The steps of the recipe for Shirin Polo, handed down to the writer from her mother, anchors poignant childhood scenes of growing up in the 1960s as the child of Iranian immigrants in Milwaukee to an extended scene of visiting “Tehrangeles” as an adult.
The essay moves between the steps of the recipe to memories of childhood in which the writer comes to terms with the decision to assimilate into American culture.
From the problematizing of the popularization of rice in the United States—through a brief history of Uncle Ben’s, which successfully “stirred the pot” in the second half of the 20th Century—
—to an episode of people-watching on Rodeo Drive, there is a wry, winking humor at work throughout this essay, which grounds us through the movement between times and places as much as it charms.
Growing the Longridge Review family of writers, editors, readers, and artists is a perpetual joy, and it is truly with joy that we welcome Crystal Good as a 2022 reader for The Anne C. Barnhill Prize for Creative Nonfiction. CG and I have been friends for 20 years. We helped build Create WV together, walked runways together (I’m telling you, even I can’t believe that happened…..), earned our MFAs together, and still check in with one another from time to time to say, “Check me on this, did that crazy thing actually occur?” The answer is invariably yes, it did.
It’s a privilege to have her onboard to help read for the #BarnhillPrize this year. Check her out, and consider submitting your work through July 31. We use Submittable, CLICK HERE.
Crystal Good is the publisher of BLACK BY GOD | The West Virginian, an emerging news and storytelling organization centering Black voices from the Mountain State; the name is a riff on the colloquial phrase West ‘by God’ Virginia that claims a unique place in central Appalachia. Tweet at her here: @cgoodwoman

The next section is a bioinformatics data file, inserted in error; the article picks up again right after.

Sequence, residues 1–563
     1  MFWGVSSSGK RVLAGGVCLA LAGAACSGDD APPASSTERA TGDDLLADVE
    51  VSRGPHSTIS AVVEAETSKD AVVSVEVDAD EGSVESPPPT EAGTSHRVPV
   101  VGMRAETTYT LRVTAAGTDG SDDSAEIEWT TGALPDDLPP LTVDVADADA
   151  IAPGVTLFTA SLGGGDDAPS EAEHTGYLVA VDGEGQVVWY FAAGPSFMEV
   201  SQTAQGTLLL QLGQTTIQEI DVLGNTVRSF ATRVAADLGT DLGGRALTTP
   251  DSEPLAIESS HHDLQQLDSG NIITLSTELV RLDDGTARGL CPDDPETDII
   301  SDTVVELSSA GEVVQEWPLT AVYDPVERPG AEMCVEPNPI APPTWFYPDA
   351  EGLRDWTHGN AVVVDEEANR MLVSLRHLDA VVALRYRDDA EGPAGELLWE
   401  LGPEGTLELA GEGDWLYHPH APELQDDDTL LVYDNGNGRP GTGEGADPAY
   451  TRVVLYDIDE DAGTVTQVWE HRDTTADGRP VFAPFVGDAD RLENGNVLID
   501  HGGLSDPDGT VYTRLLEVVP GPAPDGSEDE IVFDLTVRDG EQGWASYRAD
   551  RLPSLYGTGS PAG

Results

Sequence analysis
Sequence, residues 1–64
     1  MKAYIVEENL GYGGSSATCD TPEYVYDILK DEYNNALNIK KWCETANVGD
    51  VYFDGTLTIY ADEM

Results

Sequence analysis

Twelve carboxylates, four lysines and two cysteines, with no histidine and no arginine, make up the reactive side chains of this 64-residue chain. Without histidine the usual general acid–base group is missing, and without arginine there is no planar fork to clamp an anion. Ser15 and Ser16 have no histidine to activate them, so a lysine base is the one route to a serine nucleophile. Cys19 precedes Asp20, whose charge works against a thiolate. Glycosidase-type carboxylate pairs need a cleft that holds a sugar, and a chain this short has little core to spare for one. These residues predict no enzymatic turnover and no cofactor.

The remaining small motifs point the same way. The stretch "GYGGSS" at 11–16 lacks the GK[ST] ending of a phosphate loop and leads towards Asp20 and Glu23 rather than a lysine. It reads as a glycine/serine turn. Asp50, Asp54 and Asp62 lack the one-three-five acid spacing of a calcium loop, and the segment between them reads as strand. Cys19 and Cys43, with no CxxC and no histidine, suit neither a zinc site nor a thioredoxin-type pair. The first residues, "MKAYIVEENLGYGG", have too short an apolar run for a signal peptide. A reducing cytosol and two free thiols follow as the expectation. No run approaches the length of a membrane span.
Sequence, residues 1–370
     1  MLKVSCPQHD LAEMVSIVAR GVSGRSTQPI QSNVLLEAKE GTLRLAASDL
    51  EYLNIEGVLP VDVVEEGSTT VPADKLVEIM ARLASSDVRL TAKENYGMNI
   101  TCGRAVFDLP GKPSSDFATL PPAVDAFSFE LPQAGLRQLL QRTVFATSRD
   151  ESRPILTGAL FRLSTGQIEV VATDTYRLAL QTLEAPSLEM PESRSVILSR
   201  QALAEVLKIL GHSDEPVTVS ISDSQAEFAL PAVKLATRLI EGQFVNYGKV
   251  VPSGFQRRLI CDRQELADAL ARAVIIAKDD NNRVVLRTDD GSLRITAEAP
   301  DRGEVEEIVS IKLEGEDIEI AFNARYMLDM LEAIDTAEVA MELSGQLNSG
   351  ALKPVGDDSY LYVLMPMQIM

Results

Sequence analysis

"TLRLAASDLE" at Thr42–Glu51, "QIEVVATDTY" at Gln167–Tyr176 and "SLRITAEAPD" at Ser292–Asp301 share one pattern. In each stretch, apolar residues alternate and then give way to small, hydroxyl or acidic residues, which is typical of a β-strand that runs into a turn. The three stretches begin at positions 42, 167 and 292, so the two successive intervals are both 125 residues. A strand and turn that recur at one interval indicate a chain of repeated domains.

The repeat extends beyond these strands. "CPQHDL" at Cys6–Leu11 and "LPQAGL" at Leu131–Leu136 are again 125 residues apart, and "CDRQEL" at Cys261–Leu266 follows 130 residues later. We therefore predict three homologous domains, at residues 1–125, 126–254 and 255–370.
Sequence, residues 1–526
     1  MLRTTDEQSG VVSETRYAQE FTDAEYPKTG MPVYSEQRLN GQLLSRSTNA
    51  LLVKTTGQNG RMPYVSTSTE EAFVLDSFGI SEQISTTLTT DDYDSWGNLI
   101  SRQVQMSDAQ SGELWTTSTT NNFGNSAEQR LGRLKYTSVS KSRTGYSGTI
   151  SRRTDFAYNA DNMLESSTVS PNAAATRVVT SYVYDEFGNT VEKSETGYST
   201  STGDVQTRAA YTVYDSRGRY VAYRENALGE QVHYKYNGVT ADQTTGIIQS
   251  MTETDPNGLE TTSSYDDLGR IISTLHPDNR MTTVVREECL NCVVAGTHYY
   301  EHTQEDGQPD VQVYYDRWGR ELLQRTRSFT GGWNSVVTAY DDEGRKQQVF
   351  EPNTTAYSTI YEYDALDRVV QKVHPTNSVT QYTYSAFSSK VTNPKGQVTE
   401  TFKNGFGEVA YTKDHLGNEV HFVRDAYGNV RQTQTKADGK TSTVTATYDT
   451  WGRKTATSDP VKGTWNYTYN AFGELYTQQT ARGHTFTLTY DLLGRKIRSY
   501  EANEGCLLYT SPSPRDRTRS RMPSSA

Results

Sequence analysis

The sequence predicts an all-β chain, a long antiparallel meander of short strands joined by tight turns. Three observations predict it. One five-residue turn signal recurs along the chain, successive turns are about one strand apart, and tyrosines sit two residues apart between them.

If you’re new here: In 2010, a little idea for sharing essays on childhood got a big boost when Anne Clinard Barnhill submitted “Winter Solstice” to an unknown fellow West Virginian. I wanted to pursue the idea there is a lot to say about how our early experiences shape the world. Anne later sent “Melungeons and Mystery,” as well as “Staying.” It is because of Anne’s belief in Essays on a West Virginia Childhood that the project became something so much bigger, an online literary journal that publishes writers from coast to coast in the USA, and beyond.
We published Cascio’s essay, Kid, in Issue 12 in the Fall of 2018; speaking about both his writing and his visual art, he says each piece he creates is “a recorded haunting.” I know I’ve never stopped thinking about Kid, so he must be right. Of Cascio’s latest collection Tent City (Alien Buddha Press), one reviewer writes this:
Christopher Cascio notices everything — about neighbor’s dogs, a wrestling match, fathers and sons, a rain-drowned house. Under his inspection the details of living burgeon into major themes, so quietly the oncoming explosions barely register. And then, boom. Call these beautiful, deftly-crafted pieces short stories, small bejeweled things. But they are the size of the world.
RR’s word choice has my attention, because some of it is actually quite far away from words that come to me at first: beautiful, bejeweled. Other words ring true for me: dogs, wrestling, drowned, explosions.